Yesterday Girl On The Net wrote about how, because she always takes out her lip ring before giving her partner a blowjob, she’s had the ambition of creating in him a conditioned sexual response to her removing her lip ring — and it seems to be working! So they had a discussion about their next sexual-conditioning trick, and it went predictably where you might think, with Mars and Venus having sharply diverse visions of how they ought to proceed:
I’d literally watched as his dick got hard in his jeans, purely as a result of me taking out my lip ring. According to him, that’s the closest we’ve ever come to achieving the lip-ring-Pavlov’s-blow-job response that we’d talked about so long ago.
Naturally, we high-fived, and were generally pretty pleased with ourselves. But of course once you’ve achieved one Pavlov’s blow job, you can’t help but wonder what the next trick should be. He reckons we should literally copy Pavlov and introduce a bell, but I suspect that’s less to do with sexual experimentation than it is to do with the fact that he wants to have suck jobs on demand at the ring of a bell.
Personally, I’d like him to condition me to get wet at the smell of roast potatoes. Not only will I get loads of hand-jobs, in order for the response to work he’ll have to cook me roast dinners a minimum of once each week.
I suppose it’s no surprise that this is not the very first time I’ve encountered the notion of conditioned sexual responses. Thinking back over the last 14 years of sex blogging and reading sex blogs, I seem to remember a fad on the BDSM blogs for awhile for domly doms to claim they had “trained” their subly subs to orgasm on demand in response to voice commands or visual cues, using various forms of conditioning. It’s a potentially-hot fantasy and I get why people liked to play with it, but it’s also a tough claim to verify in actual cases without some sort of biophysical monitoring.
The other context where I have encountered similar ideas is in the unsavory world of pickup artists (PUA). A long time ago when there were only one or two notorious PUAs out there already selling their skeevy “seduction” tips and audio-cassette seminars to trembling chumps, there was still a sort of non-commercial side of that world on Usenet in various groups, and they would sometimes discuss the use of neurolinguistic programming (NLP), which at the time had not yet been so comprehensively debunked as it currently has been. A few PUA optimists were claiming that what came to be called “patterning” could be used to establish conditioned sexual responses in conversational partners (who would thereby soon want to become sexual partners, or so went the hopeful theory.) Say the right words in the right way, repeat with variations, and you could (supposedly) condition your conversational partner to become sexually aroused in response to certain innocuous trigger phrases, all without them ever noticing what was going on. Bullshit you say? Well, rather! But latterly it sold a lot of audiotapes and CDROMs and DVDs, so it must have mapped fairly accurately into the fantasy spaces of many hopeful men.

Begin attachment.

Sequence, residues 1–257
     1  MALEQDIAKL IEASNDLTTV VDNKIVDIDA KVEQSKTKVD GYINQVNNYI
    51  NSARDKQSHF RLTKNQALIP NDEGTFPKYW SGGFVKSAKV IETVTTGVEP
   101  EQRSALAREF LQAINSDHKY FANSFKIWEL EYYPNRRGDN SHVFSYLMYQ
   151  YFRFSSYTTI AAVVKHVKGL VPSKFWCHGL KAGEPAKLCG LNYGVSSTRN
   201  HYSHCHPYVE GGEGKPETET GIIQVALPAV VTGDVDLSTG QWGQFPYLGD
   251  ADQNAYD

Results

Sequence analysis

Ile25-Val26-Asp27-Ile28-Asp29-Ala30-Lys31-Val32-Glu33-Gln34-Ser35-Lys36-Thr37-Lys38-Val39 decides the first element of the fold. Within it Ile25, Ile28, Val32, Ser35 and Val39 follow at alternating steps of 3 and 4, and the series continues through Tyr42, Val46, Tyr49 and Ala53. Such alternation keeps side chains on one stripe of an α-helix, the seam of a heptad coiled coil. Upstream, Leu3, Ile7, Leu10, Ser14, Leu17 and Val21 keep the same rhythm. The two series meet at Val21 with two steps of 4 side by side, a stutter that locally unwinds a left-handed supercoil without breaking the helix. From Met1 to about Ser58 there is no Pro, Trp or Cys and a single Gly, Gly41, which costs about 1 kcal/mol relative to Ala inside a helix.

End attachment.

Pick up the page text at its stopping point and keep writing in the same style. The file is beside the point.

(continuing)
I think the idea of conditioned sexual response is interesting precisely because of the way it interacts with notions of consent. In different scenarios, the conditioned person could potentially consent to the acts of conditioning without being aware that conditioning was a goal or a potential outcome, or alternatively they might be a full, knowing, and enthusiastic partner in the conditioning enterprise. But even in that latter case, how does conditioning work with consent? If I enthusiastically consent to be conditioned to get hard every time my partner eats a strawberry, should she ask me before she eats one? There’s potential to wind up in a situation where acts that do not normally require consent may have consequences that normally do require consent to achieve. It’s complicated, it’s interesting, and it offers a lot of fantasy fodder, even if the practical difficulties mean that conditioned sexual responses aren’t of enormous consequence in most people’s sex lives.
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